In an era dominated by big name corporate festivals, the real meaning of these events — gathering outdoors to enjoy great bands and possibly some great food— is sometimes lost. “We’re not Live Nation, we’re not C3, we’re not Superfly, we’re not a huge, capital-rich company that can fund whatever we want,” says Zale Schoenborn, co-founder of Pickathon, a roots-rock festival going down this coming weekend at Pendarvis Farm near Portland, OR. “We all have kids and lives and just one festival is pretty crazy for us right now.”

Taking place on a lush piece of property less than an hour outside of the city, Pickathon not only features over 50 musical acts that the “imagination will allow,” according to organizers (the lineup includes Dr. Dog, Blitzen Trapper, Cass McCombs and The War on Drugs), but an array of local and organic food and drink. Pickathon also bring some new and innovative ideas to the table as far as spreading awareness for environmental sustainability, partnering with companies such as Klean Kanteen. Pickathon founder Zale Schoenborn fills us in.

What is the point of all this?
Pickathon is… like putting together a humungous fine art project from the perspective of food, art, music and community. Having all these artists collaborate and put everything together is just amazing.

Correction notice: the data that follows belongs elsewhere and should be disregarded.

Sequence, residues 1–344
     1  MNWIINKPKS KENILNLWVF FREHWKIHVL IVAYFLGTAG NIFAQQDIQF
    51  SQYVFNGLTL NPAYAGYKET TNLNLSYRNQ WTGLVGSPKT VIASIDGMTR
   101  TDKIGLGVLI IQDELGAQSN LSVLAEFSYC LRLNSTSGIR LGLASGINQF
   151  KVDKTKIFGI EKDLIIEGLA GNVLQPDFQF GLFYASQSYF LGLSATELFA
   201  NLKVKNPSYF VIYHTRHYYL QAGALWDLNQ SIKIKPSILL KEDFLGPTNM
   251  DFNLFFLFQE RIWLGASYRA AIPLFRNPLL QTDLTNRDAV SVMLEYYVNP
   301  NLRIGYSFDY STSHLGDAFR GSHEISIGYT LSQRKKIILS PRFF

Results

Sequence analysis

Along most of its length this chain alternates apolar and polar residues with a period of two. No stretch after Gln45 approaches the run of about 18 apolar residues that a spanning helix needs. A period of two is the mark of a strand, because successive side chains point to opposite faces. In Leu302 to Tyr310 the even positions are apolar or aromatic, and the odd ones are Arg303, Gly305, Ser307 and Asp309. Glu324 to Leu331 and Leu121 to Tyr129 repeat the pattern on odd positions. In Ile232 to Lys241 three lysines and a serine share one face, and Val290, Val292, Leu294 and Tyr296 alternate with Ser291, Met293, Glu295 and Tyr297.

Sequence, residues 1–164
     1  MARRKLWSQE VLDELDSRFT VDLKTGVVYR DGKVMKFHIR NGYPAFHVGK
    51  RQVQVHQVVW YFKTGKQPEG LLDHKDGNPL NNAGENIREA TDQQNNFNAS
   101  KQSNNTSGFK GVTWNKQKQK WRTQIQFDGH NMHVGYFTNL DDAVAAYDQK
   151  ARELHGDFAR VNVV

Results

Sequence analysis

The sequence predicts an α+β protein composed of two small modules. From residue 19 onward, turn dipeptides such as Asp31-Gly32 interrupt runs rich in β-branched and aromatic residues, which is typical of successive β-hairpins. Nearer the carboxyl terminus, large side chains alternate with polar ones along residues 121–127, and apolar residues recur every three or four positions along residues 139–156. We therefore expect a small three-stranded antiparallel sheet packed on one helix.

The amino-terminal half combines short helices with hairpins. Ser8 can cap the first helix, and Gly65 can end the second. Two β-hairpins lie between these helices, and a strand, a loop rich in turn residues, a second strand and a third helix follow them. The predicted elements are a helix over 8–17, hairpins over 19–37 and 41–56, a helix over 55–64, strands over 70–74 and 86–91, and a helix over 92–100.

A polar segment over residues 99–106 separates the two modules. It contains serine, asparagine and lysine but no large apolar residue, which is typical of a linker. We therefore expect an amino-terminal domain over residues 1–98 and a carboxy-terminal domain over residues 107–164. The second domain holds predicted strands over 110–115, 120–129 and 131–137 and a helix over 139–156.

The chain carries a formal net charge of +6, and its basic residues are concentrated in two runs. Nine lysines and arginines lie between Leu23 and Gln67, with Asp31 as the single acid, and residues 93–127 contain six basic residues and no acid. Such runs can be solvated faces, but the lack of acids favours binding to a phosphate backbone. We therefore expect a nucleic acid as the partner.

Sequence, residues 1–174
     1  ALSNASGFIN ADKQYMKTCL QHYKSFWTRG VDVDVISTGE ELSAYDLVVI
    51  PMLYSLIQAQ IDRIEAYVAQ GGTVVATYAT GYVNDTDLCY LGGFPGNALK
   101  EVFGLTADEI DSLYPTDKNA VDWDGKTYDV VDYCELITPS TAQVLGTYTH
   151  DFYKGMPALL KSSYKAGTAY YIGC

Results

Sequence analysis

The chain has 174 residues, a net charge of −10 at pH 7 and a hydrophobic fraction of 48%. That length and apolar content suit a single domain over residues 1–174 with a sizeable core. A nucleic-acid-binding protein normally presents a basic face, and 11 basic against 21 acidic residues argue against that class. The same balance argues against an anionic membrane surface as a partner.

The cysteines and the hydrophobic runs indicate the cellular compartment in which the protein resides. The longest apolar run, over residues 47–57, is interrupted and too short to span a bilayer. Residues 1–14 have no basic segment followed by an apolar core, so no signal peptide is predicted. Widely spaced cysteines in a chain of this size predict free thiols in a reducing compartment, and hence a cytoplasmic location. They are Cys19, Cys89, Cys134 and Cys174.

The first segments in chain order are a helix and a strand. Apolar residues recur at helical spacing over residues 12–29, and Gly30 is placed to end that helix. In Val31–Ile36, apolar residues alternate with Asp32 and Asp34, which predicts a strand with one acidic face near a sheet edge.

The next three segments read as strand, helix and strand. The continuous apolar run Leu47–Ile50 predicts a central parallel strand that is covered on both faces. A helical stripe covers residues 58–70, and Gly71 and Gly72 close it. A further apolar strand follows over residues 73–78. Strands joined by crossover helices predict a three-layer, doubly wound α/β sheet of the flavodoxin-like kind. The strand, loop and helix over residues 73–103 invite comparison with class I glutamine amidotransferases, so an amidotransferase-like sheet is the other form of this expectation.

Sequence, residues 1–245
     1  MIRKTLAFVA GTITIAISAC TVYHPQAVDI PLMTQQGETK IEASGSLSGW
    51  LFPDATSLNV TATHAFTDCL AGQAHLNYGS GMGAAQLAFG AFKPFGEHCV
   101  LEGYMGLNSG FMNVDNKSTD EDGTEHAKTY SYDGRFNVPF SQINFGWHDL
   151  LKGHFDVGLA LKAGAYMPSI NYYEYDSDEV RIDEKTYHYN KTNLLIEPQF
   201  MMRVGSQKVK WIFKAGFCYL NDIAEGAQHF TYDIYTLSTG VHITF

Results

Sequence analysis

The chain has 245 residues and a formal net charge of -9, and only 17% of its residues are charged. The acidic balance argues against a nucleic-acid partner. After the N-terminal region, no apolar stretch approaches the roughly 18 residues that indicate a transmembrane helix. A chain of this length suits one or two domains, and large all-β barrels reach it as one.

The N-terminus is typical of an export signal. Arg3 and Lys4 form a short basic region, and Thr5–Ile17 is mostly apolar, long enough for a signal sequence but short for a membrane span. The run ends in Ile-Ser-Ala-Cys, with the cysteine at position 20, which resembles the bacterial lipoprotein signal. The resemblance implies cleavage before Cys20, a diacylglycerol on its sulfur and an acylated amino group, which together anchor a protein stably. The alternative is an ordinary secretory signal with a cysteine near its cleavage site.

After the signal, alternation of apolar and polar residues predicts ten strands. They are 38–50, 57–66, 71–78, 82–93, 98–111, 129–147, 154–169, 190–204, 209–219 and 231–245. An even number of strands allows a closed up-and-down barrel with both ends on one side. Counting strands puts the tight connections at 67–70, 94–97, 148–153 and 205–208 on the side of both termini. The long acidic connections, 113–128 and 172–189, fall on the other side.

Why does it work in Portland?
Being in Portland, food, art and design is the way people interact with the land, and sustainability is part of the Pickathon experience. We kind of look at things with a very finite approach. We ask what would be the most influential and deeply personal kind of expression that we think really resonates as something special no matter what we approach in the weekend.

And what about the food?
Portland is such an awesome food town, full of local and sustainable food and every particular chef we involve has this ridiculous depth to his or her approach. Whether it’s Bunk Sandwiches or Pine State Biscuits, these people are food stars and we love that none of them really do festivals. Food is really visceral, like music, and we try and find more and more every year to convince people of the quality of food at this music festival. There is a whole synergy; food isn’t just a necessity and we really want people to see that. We are always trying to see what we can we do to make this festival reflective of what we think is amazing. It’s easy to do when you’re close to place like Portland.

Would you say a lot of the artists playing the festival identify with the food and sustainability aspects of the festival?
It’s part of the overall “this is my favorite weekend of the year” vibe you are hearing. The whole package (music, food, sustainability) comes together in a thoughtful way and that’s what makes us so different. You can’t take one of the elements away. You have to have all of them to truly experience what we’re trying to share. Its culture. It’s a giant art piece and no one has see anything like it. It’s a nucleus of amazing things and people are like: “what is going on here!?”


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